“No, Mr. Wilder, that’s ‘loan reserve,’ not Bone Preserve.”

In this era the fighting between political parties went from competition to ideological war.

Entering Winter (Crisis)

Pop was on the Board when the bank was declared insolvent in the wake of the banking crisis of 2008, and sold in a fire sale of restructuring.  Pop passed on not long after.

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I saw this written on a blank sign board in Alaska along the Haul Road to Deadhorse.  Thankfully, the sign was accurate – I was indeed right there.

I bring Pop’s life into this picture because I think his life particularly illustrates how and why business cycles form. These cycles are as much out of the psychology of the people who have money as they are about technological innovation or anything else.  This psychology has very significant implications to society.

The one thing that the economic crisis (followed by the war) did for the country was to clear the debt, but in a much bigger sense, it changed the opinion of the American public against debt.  Pop Wilder hated debt, and lectured me about it every morning while I brushed my teeth.  On days that he couldn’t be there, he had a cassette I was supposed to listen to.

Debt was bad, and Pop had seen the impact of it on people’s lives.  What he had seen as a child defined his life and all of the business decisions that he made throughout his life; further, it defined the psychology of an entire generation.  Pop found it immoral to lend money to those that couldn’t repay it, and would often, after a few bourbons, be a bit morose about the crap he had to take from people he wouldn’t loan money to.  He was saving their financial lives, but they hated him for it.  Outside of the tremendous borrowing for World War II, you can see that the current debt of the United States has no historical precedent (except maybe by the Romans LINK).

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As you can see, whatever it is we’re doing here is equivalent to fighting WWII, but I think it probably involves buying a lot of elephant rides. – Source, Wikipedia

And as Pop’s generation slipped via age to no longer control the bulk of the financial assets of the country, the stock market poured booze in the punch bowl.  The monetarily driven Tertiary Economy (LINK) party started in earnest, debt surged, and greater and greater risk slipped into the picture as large pools of money looked for whatever asset bubble existed that year – be it the first Tech Boom, the Housing Boom, the Pez© Boom, or the Oil Boom.  Certainly fortunes were made in all of those booms, but the busts created greater and greater economic dislocation, and our current economic crisis, when viewed through the lens of history, has always led to armed conflict significantly beyond current levels.  It will end when we’re tired of the total war that we’ve created.  Only after that level of conflict will society set the psychology to avoid debt and war in the minds of the young, and only then can Spring start again.

One note: it won’t look like World War II.  The United States has invested trillions of dollars in treasure to make a World War II style war an easy win for us – no one can touch our military at this point in a conventional war.  Whatever war starts, it’s assured they won’t play by our rules.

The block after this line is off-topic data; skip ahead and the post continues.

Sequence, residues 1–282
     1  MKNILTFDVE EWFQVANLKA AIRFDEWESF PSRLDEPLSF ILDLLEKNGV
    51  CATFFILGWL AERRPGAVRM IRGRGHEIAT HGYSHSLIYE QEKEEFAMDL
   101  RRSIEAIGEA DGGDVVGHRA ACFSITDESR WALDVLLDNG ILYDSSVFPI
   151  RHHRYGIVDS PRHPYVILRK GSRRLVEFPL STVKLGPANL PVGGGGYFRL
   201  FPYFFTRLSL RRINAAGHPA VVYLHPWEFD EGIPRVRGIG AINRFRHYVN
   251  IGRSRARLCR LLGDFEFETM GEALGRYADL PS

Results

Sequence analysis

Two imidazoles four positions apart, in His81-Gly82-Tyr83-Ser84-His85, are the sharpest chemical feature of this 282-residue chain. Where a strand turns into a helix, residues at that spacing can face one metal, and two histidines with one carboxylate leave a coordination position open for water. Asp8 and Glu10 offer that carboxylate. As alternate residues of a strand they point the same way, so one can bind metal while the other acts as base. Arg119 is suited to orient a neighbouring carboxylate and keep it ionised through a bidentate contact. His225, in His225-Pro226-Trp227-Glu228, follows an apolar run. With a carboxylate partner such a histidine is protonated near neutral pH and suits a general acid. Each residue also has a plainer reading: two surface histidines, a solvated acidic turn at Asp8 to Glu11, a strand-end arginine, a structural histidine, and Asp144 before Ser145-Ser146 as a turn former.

Debt Cycles, Fourth Turning and Kondratieff

Strauss and Howe described the future in their book The Fourth Turning (AMAZON LINK, WIKIPEDIA LINK).  This book predicted our current problems.  If Strauss and Howe are correct, we certainly haven’t seen the greatest depths of the current crisis, as we observably are still in a continuation of the old order – we’ve not hit the significant break with the past that we saw at the American Revolution, the Civil War, or the Great Depression/World War II crisis.

Strauss and Howe were not the first group to figure this out, and neither was Nikolai Kondratieff (LINK), a Soviet economist working for Stalin’s USSR, though he gets a lot of the credit.  Kondratieff looked at economic cycles from the standpoint of communism and claimed that there was a fundamental instability in the debt and credit cycles in a capitalist society, leading to inevitable boom and bust, which only proud Soviet Communism could solve.  Elevated at first to a high economic post, he visited the United States and an American sent back word that he wasn’t quite Soviet enough.  Kondratieff ended up first in prison, and then finally well, um, sentenced to not breathe any more valuable Soviet air.

What comes out of the other side is (at least) partially predictable based upon the past.

  1. The peak of the Crisis has not yet been reached.
  2. Signs of the peak can and must include doubt as to the final outcome as well as an event so significant it removes current barriers that separate the majority of citizens.
  3. In the past, the Civil War and Great Depression resulted in significant expansions of state control. These eras were times of national (post Civil War) and then (post WWII) international expansion.  Although it is likely that there will be economic contraction, it won’t necessarily lessen state control.  In Great Britain everything went socialist (for a time).
  4. Religious and civic engagement will rise, this is a constant post-crisis theme.
  5. There will be a sense of shared purpose – variance between Democratic/Republican party platforms will decline.
  6. Civil war is possible. Continuation of a unified United States is not guaranteed.
  7. Pez® production will be temporarily suspended to make more pantyhose for our troops.

Now you’ve reviewed a chunk of the history of the United States through the life of a man who viewed an entire economic cycle and was the perfect age at the invention of Pez™.

We know that life will change, and at some point the Patriots® will stop winning Super Bowls©.

Can you think of other predictions?

Share ‘em below.  And share the post!  Pop Wilder and Pez© compel you.

Author: John

Nobel-Prize Winning, MacArthur Genius Grant Near Recipient writing to you regularly about Fitness, Wealth, and Wisdom – How to be happy and how to be healthy. Oh, and rich.

3 thoughts on “The Economy, The Fourth Turning, Kondratieff, and You.”

  1. I never finished “the fourth turning” because it got to be too much for my brain. Another along that same vein is “Its different this time”, about how debt kills countries.

  2. Anon1: Thanks! He pulled his weight on this planet. And told me when my head was firmly planted . . .
    Anon2: I read It’s Different This Time, too. Good stuff, unless you’re a country in heavy debt . . . oh, wait . . .